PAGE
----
Al Martinez, left, with me. The famous newspaper columnist spoke Tuesday night as part of Cal State Fulleton’s Communications Week 2009.
He saw San Francisco as a dream cloaked in fog, a magic city part Paris and part Brigadoon that didn’t exist anywhere else in the world. (on Herb Caen, 1997)
I have pinned on the wall next to me a lined piece of notebook paper on which is printed, “I love you mom.” It is written in black crayon i nthe careful hand of a child who might be 7 or 8 years old. … the piece of paper is special to me. I found it one day at the northern end of the Long Beach Freeway, in a lot once occupied by a group of homeless people.
I have a friend in Topanga named Arlo who is an unemployed actor and an animal activist and who each Thanksgiving lobbies me to preach mercy for the unfortunate turkey. “Arlo,” I said to him the other day, “don’t bug me about brutality to turkeys. I have a cold and a sore throat and am not in the mood to be merciful to anyone. Ask my wife.” “If you are feeling lousy today, Arlo replied testily, “imagine how the bird feels.”
(written on Thanksgiving Day, 1988)
Homicide Detective John St. John used to say that murder has a smell that lingers long after the bodies have been removed and the crime scene cleared.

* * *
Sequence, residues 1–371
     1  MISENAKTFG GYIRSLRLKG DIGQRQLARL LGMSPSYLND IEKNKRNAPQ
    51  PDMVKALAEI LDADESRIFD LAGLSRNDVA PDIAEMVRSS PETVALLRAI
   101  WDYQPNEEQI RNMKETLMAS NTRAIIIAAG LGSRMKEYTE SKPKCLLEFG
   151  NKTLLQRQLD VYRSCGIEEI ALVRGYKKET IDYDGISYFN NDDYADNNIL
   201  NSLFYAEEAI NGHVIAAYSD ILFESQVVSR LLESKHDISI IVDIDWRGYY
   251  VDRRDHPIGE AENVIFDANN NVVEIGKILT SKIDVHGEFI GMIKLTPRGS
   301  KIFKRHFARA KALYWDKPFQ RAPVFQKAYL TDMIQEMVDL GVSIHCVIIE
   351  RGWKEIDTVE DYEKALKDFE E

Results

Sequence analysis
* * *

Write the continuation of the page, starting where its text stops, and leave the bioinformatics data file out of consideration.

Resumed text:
I keep seeing the face of the boy, a child of 3, looking out at the world through troubled eyes. His expression is pensive, a look caught in the mmicrosecond of reflection, a thought emulsified on film, trapped and frozen, the fading spirit of a young life ended. Who killed Joey Phelps? The question haunts me.
Those are excerpts from some of the best columns by Al Martinez, former Los Angeles Times’ columnist. I hope you enjoyed reading them as much as I enjoyed hearing him talk about writing and his life during Comm. Week at Cal State Fullerton Tuesday night.
He has always been one of my favorite columnists, one who injected prose in between the gray and grime of a daily newspaper. He continues his work on his blog (Al Martinez On Everything Else).